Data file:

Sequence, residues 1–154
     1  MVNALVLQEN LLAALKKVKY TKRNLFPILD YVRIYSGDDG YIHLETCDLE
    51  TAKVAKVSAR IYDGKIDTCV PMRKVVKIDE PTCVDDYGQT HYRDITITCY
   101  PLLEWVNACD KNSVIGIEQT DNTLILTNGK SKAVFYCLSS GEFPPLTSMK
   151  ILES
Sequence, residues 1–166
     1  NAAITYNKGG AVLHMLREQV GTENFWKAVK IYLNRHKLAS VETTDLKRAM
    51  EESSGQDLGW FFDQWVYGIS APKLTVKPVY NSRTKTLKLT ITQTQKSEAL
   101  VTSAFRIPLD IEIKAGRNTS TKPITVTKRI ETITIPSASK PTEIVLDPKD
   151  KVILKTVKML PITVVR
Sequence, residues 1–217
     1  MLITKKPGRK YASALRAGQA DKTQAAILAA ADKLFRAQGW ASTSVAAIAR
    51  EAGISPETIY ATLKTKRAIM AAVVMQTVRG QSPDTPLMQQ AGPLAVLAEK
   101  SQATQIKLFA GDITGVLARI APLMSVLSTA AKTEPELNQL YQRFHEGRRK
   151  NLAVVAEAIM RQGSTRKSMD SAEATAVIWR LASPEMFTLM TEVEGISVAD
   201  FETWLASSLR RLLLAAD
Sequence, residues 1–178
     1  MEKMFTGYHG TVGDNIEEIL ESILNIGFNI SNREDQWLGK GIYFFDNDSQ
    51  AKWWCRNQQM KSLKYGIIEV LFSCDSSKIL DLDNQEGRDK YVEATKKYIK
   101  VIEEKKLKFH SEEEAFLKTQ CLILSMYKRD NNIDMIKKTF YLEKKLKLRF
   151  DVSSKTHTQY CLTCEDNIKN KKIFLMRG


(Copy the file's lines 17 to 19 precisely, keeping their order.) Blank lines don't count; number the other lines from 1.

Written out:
Sequence, residues 1–178
     1  MEKMFTGYHG TVGDNIEEIL ESILNIGFNI SNREDQWLGK GIYFFDNDSQ
    51  AKWWCRNQQM KSLKYGIIEV LFSCDSSKIL DLDNQEGRDK YVEATKKYIK